The Alliance for Learning in World History is thrilled to announce its call for applications for "New Approaches to Frontier History" a professional development workshop for world history teachers at all levels. The virtual event will be held on Saturday, June 11 from 10:30 am - 4:00 pm. All accepted participants will receive a $200 stipend. The event provides teacher's with the opportunity to workshop their own syllabus or assignment that engages with indigenous history. Accepted participants will be invited to attend a curriculum workshop cosponsored by Pitt's Asian Studies Center. Applications are due April 15, 2022.
The event will feature three keynote addresses from experts in the field of frontier history:
Dr. Veronica Castillo-Munoz, UC Santa Barbara, “Teaching about the Border: Border Crossings and the Making of the US-Mexico Borderlands”
The U.S.-Mexico border is over two thousand miles long and ranks among the longest borders in the world. Understanding the formation of communities that facilitate border crossings and cultural interactions between these two nations is now more important than ever. This workshop will focus on the best practices to teaching about the border as well as the broader history and experiences of border people.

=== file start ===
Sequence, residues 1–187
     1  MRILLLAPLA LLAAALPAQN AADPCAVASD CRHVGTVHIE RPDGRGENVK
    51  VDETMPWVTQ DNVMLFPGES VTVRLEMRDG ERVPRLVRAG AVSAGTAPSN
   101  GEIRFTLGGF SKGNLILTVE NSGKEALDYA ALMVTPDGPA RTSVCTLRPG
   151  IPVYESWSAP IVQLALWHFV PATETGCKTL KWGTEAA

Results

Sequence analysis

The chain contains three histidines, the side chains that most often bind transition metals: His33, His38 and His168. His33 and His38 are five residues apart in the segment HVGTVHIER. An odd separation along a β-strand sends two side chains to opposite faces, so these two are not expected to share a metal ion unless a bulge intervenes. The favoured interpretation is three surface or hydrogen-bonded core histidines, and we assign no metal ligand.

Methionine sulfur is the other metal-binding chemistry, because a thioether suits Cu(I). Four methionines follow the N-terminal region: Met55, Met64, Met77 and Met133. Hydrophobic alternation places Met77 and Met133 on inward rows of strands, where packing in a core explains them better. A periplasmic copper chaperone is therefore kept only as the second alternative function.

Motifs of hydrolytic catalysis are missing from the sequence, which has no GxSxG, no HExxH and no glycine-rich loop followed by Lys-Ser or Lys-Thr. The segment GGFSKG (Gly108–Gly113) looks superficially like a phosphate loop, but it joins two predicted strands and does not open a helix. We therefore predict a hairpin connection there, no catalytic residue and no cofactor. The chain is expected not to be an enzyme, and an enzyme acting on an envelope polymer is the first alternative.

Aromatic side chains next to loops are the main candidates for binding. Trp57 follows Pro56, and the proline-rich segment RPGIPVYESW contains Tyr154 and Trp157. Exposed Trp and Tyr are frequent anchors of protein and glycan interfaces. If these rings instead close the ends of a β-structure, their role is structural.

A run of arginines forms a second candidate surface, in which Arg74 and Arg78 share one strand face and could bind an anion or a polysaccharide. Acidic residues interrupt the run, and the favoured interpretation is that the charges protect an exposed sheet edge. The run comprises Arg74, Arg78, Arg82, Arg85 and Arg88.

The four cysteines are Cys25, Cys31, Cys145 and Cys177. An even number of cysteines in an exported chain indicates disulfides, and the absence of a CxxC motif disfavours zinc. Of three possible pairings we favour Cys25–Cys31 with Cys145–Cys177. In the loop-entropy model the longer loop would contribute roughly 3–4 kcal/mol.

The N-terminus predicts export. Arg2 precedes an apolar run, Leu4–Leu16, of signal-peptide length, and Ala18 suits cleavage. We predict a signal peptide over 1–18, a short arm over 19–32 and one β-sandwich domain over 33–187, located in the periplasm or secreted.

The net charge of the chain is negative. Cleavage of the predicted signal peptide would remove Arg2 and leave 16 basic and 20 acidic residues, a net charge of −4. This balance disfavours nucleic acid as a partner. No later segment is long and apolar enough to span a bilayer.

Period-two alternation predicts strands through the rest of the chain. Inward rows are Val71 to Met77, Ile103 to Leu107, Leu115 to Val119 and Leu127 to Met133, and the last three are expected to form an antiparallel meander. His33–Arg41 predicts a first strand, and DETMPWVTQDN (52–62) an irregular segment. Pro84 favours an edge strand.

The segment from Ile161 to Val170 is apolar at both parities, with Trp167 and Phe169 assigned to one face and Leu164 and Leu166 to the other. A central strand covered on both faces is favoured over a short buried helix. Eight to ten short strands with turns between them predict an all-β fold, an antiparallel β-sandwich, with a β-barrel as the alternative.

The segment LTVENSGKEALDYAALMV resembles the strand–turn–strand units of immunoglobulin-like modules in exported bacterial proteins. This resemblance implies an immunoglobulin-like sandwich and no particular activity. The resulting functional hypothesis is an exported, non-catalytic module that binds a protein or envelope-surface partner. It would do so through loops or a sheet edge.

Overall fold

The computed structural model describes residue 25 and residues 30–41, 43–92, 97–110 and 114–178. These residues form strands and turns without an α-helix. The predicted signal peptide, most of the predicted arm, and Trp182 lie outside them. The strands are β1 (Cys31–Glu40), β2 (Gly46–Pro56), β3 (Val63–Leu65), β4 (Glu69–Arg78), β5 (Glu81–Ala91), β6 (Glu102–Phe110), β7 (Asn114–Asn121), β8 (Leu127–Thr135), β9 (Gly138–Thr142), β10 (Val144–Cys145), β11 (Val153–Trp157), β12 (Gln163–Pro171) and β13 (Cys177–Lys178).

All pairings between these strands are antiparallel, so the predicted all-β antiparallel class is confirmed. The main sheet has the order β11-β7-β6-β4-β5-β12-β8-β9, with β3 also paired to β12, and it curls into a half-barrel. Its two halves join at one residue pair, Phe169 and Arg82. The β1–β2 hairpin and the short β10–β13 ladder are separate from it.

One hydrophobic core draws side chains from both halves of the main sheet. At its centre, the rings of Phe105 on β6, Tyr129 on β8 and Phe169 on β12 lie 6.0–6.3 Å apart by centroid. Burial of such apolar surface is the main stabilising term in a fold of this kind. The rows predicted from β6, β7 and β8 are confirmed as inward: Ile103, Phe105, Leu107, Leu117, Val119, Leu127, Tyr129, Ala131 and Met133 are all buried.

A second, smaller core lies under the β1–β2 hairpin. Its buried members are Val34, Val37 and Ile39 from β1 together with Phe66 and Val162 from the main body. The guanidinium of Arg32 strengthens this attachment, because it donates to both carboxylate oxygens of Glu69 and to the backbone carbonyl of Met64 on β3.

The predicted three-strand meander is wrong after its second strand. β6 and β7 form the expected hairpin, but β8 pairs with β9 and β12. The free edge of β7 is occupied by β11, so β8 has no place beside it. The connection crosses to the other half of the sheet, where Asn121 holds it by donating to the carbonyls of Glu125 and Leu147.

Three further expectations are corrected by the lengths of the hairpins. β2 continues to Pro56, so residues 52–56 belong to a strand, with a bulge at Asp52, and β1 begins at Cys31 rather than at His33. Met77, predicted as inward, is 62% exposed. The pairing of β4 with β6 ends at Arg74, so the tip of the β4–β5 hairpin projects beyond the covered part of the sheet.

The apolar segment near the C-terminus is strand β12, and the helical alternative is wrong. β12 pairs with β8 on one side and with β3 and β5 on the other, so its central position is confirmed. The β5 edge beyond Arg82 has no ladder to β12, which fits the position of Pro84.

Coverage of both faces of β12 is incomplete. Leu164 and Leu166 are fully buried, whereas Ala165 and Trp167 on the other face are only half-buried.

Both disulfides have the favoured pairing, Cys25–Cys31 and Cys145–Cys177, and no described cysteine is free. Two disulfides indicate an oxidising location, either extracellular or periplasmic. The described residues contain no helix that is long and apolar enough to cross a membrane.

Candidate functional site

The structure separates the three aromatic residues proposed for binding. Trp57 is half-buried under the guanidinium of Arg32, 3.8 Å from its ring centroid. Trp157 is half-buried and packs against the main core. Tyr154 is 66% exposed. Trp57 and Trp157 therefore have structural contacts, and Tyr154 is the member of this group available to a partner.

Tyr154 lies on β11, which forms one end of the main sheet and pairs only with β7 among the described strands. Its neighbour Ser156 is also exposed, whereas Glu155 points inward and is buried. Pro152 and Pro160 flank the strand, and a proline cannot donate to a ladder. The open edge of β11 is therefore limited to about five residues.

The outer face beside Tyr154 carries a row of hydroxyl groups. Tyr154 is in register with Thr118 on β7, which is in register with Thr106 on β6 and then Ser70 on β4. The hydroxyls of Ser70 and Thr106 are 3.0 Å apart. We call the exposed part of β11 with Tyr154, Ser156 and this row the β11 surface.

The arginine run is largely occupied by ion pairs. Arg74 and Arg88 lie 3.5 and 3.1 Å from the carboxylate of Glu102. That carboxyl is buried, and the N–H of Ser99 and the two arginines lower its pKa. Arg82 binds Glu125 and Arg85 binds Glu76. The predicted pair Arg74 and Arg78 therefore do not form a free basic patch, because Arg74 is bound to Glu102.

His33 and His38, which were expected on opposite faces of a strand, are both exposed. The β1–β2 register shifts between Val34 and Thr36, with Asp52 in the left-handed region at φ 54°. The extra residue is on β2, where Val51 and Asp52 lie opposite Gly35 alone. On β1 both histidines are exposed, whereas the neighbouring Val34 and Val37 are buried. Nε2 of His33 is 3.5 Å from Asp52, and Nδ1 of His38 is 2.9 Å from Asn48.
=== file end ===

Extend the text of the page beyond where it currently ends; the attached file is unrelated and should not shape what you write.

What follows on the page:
Dr. James Hill, University of Pittsburgh, “Whose Frontier Is It? Decolonizing Narratives in World History”
This talk seeks to reframe frontier histories from the perspectives of Indigenous peoples. As a first step, capturing the historical views of the colonized towards colonizer is an admirable goal. However, decolonizing efforts should not stop there. A fully decolonized history should demonstrate how Indigenous peoples have adapted to and coped with colonialism, countering narratives of their disappearance and erasure. Indigenous peoples have moved beyond mere survival by refashioning themselves to endure and thrive in a postcolonial landscape.
Dr. Matt Matsuda, Rutgers University, “Water’s Edge: Histories and Frontiers in Pacific and Oceanian Worlds”